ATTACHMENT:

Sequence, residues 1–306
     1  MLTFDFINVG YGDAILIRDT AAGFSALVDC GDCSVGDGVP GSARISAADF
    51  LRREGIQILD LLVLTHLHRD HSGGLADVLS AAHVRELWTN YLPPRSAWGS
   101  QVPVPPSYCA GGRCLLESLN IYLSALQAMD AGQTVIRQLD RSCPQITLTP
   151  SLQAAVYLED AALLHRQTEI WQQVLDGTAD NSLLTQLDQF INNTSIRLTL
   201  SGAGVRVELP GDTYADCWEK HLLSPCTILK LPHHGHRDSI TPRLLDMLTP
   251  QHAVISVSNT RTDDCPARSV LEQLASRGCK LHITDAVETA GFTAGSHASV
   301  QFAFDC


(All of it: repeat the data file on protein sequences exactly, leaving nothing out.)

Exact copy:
Sequence, residues 1–306
     1  MLTFDFINVG YGDAILIRDT AAGFSALVDC GDCSVGDGVP GSARISAADF
    51  LRREGIQILD LLVLTHLHRD HSGGLADVLS AAHVRELWTN YLPPRSAWGS
   101  QVPVPPSYCA GGRCLLESLN IYLSALQAMD AGQTVIRQLD RSCPQITLTP
   151  SLQAAVYLED AALLHRQTEI WQQVLDGTAD NSLLTQLDQF INNTSIRLTL
   201  SGAGVRVELP GDTYADCWEK HLLSPCTILK LPHHGHRDSI TPRLLDMLTP
   251  QHAVISVSNT RTDDCPARSV LEQLASRGCK LHITDAVETA GFTAGSHASV
   301  QFAFDC